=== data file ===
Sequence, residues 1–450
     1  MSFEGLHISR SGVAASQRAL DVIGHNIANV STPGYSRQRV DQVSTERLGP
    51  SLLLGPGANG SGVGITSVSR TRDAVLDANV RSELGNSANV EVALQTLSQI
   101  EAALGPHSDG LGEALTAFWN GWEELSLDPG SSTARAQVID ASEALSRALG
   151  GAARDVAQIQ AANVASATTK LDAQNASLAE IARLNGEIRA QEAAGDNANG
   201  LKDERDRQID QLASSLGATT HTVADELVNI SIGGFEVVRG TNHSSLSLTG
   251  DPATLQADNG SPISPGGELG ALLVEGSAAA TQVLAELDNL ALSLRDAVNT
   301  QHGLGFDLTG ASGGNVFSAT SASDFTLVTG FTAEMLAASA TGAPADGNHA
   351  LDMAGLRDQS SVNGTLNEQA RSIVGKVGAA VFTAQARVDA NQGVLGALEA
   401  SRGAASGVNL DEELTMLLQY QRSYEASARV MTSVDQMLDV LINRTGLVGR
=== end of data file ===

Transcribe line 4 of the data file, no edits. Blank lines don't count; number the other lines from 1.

   101  EAALGPHSDG LGEALTAFWN GWEELSLDPG SSTARAQVID ASEALSRALG